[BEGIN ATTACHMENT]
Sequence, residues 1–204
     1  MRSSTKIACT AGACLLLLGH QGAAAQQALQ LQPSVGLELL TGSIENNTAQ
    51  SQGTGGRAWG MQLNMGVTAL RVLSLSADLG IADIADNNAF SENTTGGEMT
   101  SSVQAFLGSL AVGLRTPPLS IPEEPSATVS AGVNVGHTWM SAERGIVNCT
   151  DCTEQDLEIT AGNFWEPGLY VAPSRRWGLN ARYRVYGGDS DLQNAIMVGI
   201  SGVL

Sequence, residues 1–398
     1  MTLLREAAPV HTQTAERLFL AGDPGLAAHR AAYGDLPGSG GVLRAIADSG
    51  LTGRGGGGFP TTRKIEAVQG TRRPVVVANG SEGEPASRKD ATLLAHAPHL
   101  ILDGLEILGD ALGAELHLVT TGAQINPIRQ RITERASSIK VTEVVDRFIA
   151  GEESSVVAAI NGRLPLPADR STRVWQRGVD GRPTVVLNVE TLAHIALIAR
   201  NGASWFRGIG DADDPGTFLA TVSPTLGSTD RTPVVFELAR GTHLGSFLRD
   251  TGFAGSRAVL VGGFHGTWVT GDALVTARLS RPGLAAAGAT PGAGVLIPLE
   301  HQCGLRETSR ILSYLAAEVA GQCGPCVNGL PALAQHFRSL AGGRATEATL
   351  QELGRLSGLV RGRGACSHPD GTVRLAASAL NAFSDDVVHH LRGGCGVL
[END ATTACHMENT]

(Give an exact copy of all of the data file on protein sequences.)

Sequence, residues 1–204
     1  MRSSTKIACT AGACLLLLGH QGAAAQQALQ LQPSVGLELL TGSIENNTAQ
    51  SQGTGGRAWG MQLNMGVTAL RVLSLSADLG IADIADNNAF SENTTGGEMT
   101  SSVQAFLGSL AVGLRTPPLS IPEEPSATVS AGVNVGHTWM SAERGIVNCT
   151  DCTEQDLEIT AGNFWEPGLY VAPSRRWGLN ARYRVYGGDS DLQNAIMVGI
   201  SGVL

Sequence, residues 1–398
     1  MTLLREAAPV HTQTAERLFL AGDPGLAAHR AAYGDLPGSG GVLRAIADSG
    51  LTGRGGGGFP TTRKIEAVQG TRRPVVVANG SEGEPASRKD ATLLAHAPHL
   101  ILDGLEILGD ALGAELHLVT TGAQINPIRQ RITERASSIK VTEVVDRFIA
   151  GEESSVVAAI NGRLPLPADR STRVWQRGVD GRPTVVLNVE TLAHIALIAR
   201  NGASWFRGIG DADDPGTFLA TVSPTLGSTD RTPVVFELAR GTHLGSFLRD
   251  TGFAGSRAVL VGGFHGTWVT GDALVTARLS RPGLAAAGAT PGAGVLIPLE
   301  HQCGLRETSR ILSYLAAEVA GQCGPCVNGL PALAQHFRSL AGGRATEATL
   351  QELGRLSGLV RGRGACSHPD GTVRLAASAL NAFSDDVVHH LRGGCGVL